With the rainy season approaching in South Sudan, where one in three people have been displaced by more than four years of conflict, a senior United Nations humanitarian official has called for urgent financial support to distribute and preposition life-saving aid supplies.

“Due to seasonal time pressure, we need early funding now to reach millions of people with multi-sectoral assistance during the dry season, through road transport and prepositioning of life-saving aid supplies,” said Alain Noudehou, the Humanitarian Coordinator in the African country, in a press release issued over the weekend by the UN Office for the Coordination of Humanitarian Affairs (OCHA).

He said that rain would make the condition of roads difficult for transporting aid supplies and that airlifts would cost many times more than ground transport. A recent report analysing food security – access to adequate food – projected that more than seven million people, or almost two-thirds of South Sudan’s population, could become severely food insecure between May and July without sustained humanitarian assistance and access. We need early funding now to reach millions of people with multi-sectoral assistance during the dry season.

Mr. Noudehou’s statement came after a high-level delegation of donors, heads of humanitarian agencies and partners visited Leer in the Unity region of the country’s north to see first-hand the plight of the 90,000 people living there. The delegation met with the Governor of Leer, community leaders and aid agencies who are currently assisting tens of thousands of people across the region.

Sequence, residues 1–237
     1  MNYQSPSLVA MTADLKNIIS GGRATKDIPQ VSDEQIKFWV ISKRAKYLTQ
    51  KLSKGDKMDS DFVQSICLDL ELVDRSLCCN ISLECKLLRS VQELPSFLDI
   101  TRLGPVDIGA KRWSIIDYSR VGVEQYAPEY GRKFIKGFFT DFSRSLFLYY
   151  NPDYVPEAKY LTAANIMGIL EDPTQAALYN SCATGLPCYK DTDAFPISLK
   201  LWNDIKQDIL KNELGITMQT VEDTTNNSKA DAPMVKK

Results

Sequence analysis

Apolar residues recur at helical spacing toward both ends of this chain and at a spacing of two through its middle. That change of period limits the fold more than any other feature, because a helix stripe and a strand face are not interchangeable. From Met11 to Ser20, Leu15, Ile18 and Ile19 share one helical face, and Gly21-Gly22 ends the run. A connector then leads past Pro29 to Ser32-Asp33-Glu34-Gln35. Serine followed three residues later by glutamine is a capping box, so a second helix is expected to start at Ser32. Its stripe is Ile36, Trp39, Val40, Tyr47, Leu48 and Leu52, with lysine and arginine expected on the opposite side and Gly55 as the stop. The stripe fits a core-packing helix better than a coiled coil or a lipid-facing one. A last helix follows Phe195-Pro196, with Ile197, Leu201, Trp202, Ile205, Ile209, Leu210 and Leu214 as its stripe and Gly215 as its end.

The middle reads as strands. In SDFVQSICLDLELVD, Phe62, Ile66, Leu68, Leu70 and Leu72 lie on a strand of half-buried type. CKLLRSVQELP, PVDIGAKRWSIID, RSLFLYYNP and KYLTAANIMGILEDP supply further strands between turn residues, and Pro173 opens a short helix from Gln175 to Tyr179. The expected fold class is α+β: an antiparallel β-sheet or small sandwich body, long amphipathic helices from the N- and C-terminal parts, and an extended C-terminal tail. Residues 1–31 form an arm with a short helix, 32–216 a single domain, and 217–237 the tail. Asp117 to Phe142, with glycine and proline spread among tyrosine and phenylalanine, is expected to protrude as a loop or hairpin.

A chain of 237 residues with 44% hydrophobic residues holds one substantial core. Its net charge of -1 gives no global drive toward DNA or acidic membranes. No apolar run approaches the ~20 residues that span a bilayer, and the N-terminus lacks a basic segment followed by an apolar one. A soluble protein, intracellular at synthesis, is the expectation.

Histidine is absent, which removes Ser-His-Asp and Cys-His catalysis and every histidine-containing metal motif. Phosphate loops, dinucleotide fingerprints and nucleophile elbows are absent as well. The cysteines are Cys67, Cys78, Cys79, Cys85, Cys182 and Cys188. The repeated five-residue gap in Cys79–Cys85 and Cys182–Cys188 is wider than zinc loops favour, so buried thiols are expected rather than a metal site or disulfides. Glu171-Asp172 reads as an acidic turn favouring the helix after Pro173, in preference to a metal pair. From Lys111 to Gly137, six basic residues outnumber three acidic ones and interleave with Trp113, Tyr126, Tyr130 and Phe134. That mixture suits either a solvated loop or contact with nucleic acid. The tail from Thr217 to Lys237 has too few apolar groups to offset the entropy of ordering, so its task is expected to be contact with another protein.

Leer was one of two counties affected by famine in 2017. Although the famine was stopped due to intensive humanitarian intervention, the situation remains fragile with about 85 per cent of the population predicted to reach crisis and emergency food insecurity conditions by the end of April. South Sudan attained independence from Sudan in 2011, but a political face-off between two rival factions plunged the world’s newest country into full blown conflict in December 2013.

With the conflict now in its fifth year, nearly 4.3 million people, or one in three, have been displaced, including more than 1.8 million who are internally displaced and about 2.5 million who are in neighbouring countries. “Once again, I strongly urge all parties to the conflict to stop the fighting and to ensure that humanitarian agencies are given free, safe and unhindered access to all areas of South Sudan, and for all bureaucratic impediments to be removed,” said Mr. Noudehou.